SEJONG, Aug. 28 (Yonhap) -- South Korea said Wednesday that it will lower the tax rates on home purchases as part of efforts to stimulate the persistently sluggish property market by encouraging transactions.
The move is part of measures that the government unveiled to boost transactions and ease suffering of people -- mostly low- and middle-income households -- who seek to rent a home.
The government said that it will cut the acquisition tax rate on houses valued at less than 600 million won (US$536,200) to 1 percent from the current 2 percent. The tax levied on homes valued at between 600 million won and 900 million won will remain the same at 2 percent, while tax on those over 900 million won will be lowered to 3 percent from the current 4 percent.
The tax reduction comes amid an outcry from provincial governments that worry it could lead to a cut in their tax revenue going forward since the acquisition tax is a local tax.
The government promised to compensate for a cut in their revenue and said that it will announce detailed compensation methods in September.
"Though the tax reduction must be approved by lawmakers before going into effect, we, in principle, expect to see the rates lowered starting next year," a government official said.
"Whether it will be applied retroactively should be decided through consultations in the National Assembly and also based on how much the government will be able to compensate for revenue shortfalls for regional governments," he added.
In addition, the government said that it will expand the supply of long-term, low-interest rate mortgages in order to ease the financial burden on people seeking to buy new homes.
It also plans to purchase already-built houses and put them up for rent during the second half in order to ease shortages in the rental market.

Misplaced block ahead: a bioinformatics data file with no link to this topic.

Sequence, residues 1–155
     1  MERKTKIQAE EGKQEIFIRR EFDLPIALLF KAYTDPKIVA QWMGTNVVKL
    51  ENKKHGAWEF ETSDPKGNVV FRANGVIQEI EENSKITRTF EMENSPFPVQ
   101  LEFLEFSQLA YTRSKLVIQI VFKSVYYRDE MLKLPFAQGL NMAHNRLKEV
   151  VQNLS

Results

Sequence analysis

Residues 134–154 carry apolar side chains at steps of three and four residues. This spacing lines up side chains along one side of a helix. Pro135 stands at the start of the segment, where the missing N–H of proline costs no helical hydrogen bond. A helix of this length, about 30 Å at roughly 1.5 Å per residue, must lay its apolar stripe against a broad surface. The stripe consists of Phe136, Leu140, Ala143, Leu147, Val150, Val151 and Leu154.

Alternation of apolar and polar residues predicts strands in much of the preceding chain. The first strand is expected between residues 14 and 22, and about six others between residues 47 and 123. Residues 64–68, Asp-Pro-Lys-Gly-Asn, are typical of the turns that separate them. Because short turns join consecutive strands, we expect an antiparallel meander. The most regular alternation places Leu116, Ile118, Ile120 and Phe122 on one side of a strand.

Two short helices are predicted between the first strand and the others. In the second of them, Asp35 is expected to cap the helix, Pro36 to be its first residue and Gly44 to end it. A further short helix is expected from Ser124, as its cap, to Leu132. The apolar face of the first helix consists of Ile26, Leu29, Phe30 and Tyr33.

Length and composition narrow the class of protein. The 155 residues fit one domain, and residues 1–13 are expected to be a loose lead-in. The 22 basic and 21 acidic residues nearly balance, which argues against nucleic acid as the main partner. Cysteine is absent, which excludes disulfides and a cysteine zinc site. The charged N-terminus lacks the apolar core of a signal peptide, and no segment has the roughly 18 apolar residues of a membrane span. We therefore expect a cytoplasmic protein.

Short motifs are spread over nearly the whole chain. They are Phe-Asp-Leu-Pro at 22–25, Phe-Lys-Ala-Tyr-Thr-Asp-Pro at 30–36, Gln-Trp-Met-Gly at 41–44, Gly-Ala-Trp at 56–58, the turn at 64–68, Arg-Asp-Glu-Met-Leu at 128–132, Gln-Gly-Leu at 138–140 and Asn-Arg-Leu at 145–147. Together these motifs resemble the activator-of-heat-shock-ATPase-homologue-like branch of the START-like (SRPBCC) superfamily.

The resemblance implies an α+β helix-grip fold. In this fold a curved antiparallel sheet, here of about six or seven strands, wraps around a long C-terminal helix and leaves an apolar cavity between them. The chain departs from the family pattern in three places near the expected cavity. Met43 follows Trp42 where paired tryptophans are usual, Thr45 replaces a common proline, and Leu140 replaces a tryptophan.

The government said that it plans to stimulate the supply of rental homes not just in the public sector but also in the private sector through cutting interest rates and raising the maximum loan for individuals seeking to buy homes for the purpose of renting them out.
"We expect these measures to stimulate transactions and turn the demand for rental homes to the demand for house purchases," the government said in a press release.
"In addition, through income deduction for monthly rental fees and other tax and financial supports, we expect to help ease housing expenditure for low- and middle-income earners struggling to cope with the home rental market, which is undergoing a structural change," it added.
The average cost in renting homes under the so-called jeonse system here has risen 2.1 percent so far this year until July, and the prices are showing signs of rising faster recently as people prefer renting to buying homes for fear of further falls in home prices.
Jeonse is a unique home rental system in the country, under which a tenant pays a large lump-sum deposit to lease a home instead of paying monthly rent for usually two years.
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